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Day 227 – The Race for 3rd continues

Day 227 – The Race for 3rd continues

Uku Randmaa overcomes rigging failure and sliced finger, but sees lead over Istvan Kopar shrink
Kopar struggling with emergency steering and health issues
Tapio Lehtinen makes most ground after rounding Cape Horn but now faces a fishing blockade and calms

Dateline: 14:00 UTC – 13/02/2019 Les Sables d’Olonne. France

here has been good and bad news from 3rd placed Uku Randmaa and his Rustler 36 One and All. Now within 2,500 miles of the Les Sables d’Olonne finish line, the Estonian skipper has solved his immediate hunger problems by catching two large marlin during the past week, which should extend his meagre supplies of basic freeze dried food to the end of the race.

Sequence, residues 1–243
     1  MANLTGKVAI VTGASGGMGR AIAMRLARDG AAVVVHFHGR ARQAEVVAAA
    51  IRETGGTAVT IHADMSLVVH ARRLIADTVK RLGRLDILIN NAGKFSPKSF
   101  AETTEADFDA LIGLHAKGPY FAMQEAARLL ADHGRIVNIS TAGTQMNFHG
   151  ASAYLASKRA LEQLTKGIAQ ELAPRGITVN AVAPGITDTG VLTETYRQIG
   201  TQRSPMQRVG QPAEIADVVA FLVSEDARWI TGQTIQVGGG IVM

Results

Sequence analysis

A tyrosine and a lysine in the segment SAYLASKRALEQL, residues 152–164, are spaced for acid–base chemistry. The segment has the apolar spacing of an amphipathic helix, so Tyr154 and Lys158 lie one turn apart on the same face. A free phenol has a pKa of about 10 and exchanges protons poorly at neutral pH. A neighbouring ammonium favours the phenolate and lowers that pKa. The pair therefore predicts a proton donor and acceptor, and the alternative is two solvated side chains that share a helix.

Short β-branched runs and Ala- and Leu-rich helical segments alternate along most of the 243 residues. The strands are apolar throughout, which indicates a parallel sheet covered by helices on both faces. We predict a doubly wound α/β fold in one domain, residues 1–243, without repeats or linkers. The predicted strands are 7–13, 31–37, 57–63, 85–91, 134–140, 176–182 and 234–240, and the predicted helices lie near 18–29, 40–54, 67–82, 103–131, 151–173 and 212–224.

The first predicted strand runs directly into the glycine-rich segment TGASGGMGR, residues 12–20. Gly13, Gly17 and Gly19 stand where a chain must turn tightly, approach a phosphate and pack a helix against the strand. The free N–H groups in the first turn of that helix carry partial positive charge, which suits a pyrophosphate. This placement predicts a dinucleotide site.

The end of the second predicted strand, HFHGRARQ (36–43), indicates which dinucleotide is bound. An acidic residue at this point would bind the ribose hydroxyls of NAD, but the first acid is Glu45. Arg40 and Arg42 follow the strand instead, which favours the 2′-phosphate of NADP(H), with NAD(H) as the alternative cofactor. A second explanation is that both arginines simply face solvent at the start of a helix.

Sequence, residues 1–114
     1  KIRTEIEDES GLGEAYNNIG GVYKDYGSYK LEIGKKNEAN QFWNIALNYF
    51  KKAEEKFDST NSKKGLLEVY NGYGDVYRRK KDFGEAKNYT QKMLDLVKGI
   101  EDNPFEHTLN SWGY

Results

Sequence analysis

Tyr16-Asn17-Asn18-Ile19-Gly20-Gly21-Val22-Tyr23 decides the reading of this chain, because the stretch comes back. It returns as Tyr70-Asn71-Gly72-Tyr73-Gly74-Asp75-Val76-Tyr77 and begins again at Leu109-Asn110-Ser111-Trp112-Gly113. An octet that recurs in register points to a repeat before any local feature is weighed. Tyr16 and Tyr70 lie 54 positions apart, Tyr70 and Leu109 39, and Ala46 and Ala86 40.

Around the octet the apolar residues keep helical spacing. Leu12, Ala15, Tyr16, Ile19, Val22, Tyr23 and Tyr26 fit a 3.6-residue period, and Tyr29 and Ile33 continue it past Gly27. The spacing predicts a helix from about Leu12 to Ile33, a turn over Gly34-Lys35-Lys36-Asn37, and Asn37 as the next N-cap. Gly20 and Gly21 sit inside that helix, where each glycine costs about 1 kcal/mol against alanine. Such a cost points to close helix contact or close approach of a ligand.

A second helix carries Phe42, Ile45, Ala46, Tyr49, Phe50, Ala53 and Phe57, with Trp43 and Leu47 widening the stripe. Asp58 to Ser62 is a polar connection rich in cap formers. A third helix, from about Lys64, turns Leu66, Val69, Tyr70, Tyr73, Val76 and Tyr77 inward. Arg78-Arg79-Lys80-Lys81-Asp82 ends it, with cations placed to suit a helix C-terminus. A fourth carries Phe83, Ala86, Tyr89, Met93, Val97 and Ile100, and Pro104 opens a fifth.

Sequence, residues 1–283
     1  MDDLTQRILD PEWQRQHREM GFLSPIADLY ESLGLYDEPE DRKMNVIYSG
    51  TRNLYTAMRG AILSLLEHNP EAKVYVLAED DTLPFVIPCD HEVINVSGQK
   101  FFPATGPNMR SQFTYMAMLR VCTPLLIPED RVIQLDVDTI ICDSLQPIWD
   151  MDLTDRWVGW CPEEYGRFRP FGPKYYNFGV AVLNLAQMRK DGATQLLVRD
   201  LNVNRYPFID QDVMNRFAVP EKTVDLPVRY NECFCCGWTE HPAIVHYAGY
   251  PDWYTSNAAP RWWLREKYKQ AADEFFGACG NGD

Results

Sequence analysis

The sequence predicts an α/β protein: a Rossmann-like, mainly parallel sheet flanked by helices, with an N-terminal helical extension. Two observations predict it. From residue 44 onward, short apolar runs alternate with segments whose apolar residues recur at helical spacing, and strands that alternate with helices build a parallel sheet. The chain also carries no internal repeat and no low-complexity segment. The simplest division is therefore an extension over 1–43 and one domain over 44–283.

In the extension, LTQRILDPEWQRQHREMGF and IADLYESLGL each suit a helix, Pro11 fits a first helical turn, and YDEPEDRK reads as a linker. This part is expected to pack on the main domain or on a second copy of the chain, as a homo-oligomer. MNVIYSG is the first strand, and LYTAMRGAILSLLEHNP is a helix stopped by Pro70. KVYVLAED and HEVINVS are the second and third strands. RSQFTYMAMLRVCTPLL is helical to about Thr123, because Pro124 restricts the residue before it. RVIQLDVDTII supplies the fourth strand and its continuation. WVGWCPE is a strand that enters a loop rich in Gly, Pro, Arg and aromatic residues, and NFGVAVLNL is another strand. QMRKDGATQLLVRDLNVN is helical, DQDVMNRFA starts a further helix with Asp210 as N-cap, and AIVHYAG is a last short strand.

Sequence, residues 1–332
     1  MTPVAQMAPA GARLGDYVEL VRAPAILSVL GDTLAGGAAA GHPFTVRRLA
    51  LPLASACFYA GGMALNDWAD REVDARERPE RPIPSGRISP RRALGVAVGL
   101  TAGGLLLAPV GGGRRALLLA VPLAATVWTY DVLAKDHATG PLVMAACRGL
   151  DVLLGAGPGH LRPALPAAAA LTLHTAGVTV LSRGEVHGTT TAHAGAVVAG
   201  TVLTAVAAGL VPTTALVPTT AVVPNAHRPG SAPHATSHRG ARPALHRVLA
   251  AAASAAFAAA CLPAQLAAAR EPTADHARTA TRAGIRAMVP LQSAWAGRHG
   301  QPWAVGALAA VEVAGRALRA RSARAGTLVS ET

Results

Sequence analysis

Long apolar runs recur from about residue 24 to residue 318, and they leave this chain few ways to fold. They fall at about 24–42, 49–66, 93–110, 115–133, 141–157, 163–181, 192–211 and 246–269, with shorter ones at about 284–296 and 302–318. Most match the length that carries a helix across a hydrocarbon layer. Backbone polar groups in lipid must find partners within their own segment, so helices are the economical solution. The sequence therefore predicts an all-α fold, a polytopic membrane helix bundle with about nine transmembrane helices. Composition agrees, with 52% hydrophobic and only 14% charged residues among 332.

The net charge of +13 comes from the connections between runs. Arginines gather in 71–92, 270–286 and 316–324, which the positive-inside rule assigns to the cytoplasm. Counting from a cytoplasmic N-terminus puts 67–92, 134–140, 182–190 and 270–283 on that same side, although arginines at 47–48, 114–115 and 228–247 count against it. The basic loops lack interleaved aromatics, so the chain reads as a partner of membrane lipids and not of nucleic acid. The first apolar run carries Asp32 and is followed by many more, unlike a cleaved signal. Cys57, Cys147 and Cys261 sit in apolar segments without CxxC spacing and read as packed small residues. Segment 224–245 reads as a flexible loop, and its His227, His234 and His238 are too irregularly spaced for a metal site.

Not so good, was news that one of his running backstays supporting the mast broke on February 9, which lost him vital miles over 4th placed Istvan Kopar who is now enjoying the same Tradewind conditions 433 miles astern in terms of distance to finish. As One and All’s course meandered around on the tracker, Randmaa was forced to climb the mast twice to set up a replacement adjustable stay, and in doing so, gashed a finger badly. The deep cut has been festering since, which led him to seek medical advice from the GGR 24hr tele-medicine team at MSOS last weekend. He is now treating the wound daily and doctors are monitoring the situation.